Dem wunderschönen Bräut’gam mein,
In steter Liebe wallen! (v. 6)
How beautifully shines the morning star
full of grace and truth from the Lord,
the sweet root of Jesse!
Because of you,
gracious rose of heaven,
my heart is sick and smouldering,
wounded with love.
Pluck the strings on the harp
and let the sweet music
resound full of joy,
so that with dear Jesus,
my most beautiful bridegroom,
in constant love I may make my pilgrimage!

Set me as a seal upon your heart (Leg mig som en seglring ved dit hjerte) is a setting for soprano solo and organ of one of the most famous passages of King Solomon’s ‘Song of Songs’. Naji Hakim has also written another version of the same work for choir a cappella, commissioned by Malmö Academy of Music, Lund University.

Capriccio for violin and organ develops a lively and dancing theme in an abridged sonata form. The exposition opens out through developing thematic derivations of this joyful theme on the violin. A contrasting and sensual second theme, with soft percussive accompaniment on the organ, leads to a varied recapitulation of both ideas before the brilliant coda.

Amazing grace is a set of variations for soprano solo and organ on the traditional British song New Britain, and the Christian hymn Amazing grace—written by English poet and clergyman John Newton (1725–1807). Naji Hakim has also written another version of the same work for solo organ.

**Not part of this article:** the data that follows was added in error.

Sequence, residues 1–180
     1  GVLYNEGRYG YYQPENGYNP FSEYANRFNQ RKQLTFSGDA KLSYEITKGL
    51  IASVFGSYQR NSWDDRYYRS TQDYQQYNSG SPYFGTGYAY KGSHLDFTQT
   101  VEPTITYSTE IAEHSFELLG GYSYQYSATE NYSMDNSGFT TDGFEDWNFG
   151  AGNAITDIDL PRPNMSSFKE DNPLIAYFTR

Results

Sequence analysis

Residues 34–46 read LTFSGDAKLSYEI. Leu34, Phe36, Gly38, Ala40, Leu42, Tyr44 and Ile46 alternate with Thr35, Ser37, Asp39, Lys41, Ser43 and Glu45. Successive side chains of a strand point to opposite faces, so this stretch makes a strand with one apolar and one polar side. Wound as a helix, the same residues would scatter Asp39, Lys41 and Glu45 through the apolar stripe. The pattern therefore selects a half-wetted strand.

“This piece shows my hope to have our churches not only in peace but also in full communion.” (Naji Hakim)

Die Taube (The Dove) was commissioned by ‘Kirchenmusik bei St. Anna Augsburg’ to celebrate the 450th anniversary of the ‘Augsburger Religionsfrieden’ (Religious peace of Augsburg). It is based on three biblical verses related to peace: Genesis 8, 11, Luke 1, 79 and John 14, 27. The music is through-composed and develops the character of the verses with contrasted string textures, putting in relief the expressive vocal line, a declamation of light and happiness. The work exists in three versions for both tenor or soprano with string quartet, string orchestra or organ. The first performance was given by Robert Sellier, tenor, at the Capella St. Anna streichquartett, St. Anna Augsburg, Festkonzert zum Hohen Friedensfest, 8 August 2005.

Words and music bind people together to form fellowships which guide us into the way of peace. Singing or playing together combines bodies and souls, so that our rhythm and breathing becomes one—a sense of belonging to one another is created which instils the very nature of peace. So it is that by becoming an integral part of the music, our feet are guided ‘into the way of peace’.

In Luke chapter 1, both Maria and Zechariah are carried away, body and soul, in hymns of thanksgiving. They let God’s melody resound in their bodies. Ignatius, one of the Early Fathers of the Church, might have drawn his inspiration from them when he wrote to the Christians of Ephesus around the year 100: “Let God’s melody resound in you.” The melody of our life is a single voice within God’s great melody; an everlasting celestial melody, in which we join together as integral parts—with time, we are gradually shown which chords we are given to touch and which chords to form with one another.

God’s inextinguishable melody has an infinite galaxy of variations. As you would know, a variation is rooted but limitless. At our christening, God gives us a variation—an inextinguishable variation because of his promise, “I am with you always, even to the end of the age” (Matthew 28, 20).

Deeply rooted as we are, God leads us through. He calls us to Life out of His Eternity, He lets his melody reverberate in us and finally calls us back, when we die, to His everlasting future. Let God’s melody resound in you and guide your feet into the way of peace.

Pastor Hanne Margrethe Tougaard 2011